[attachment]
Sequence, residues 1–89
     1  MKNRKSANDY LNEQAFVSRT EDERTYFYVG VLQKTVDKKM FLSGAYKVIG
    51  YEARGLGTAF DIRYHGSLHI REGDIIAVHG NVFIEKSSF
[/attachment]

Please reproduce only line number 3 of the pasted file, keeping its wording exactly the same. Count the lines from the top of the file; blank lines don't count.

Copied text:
    51  YEARGLGTAF DIRYHGSLHI REGDIIAVHG NVFIEKSSF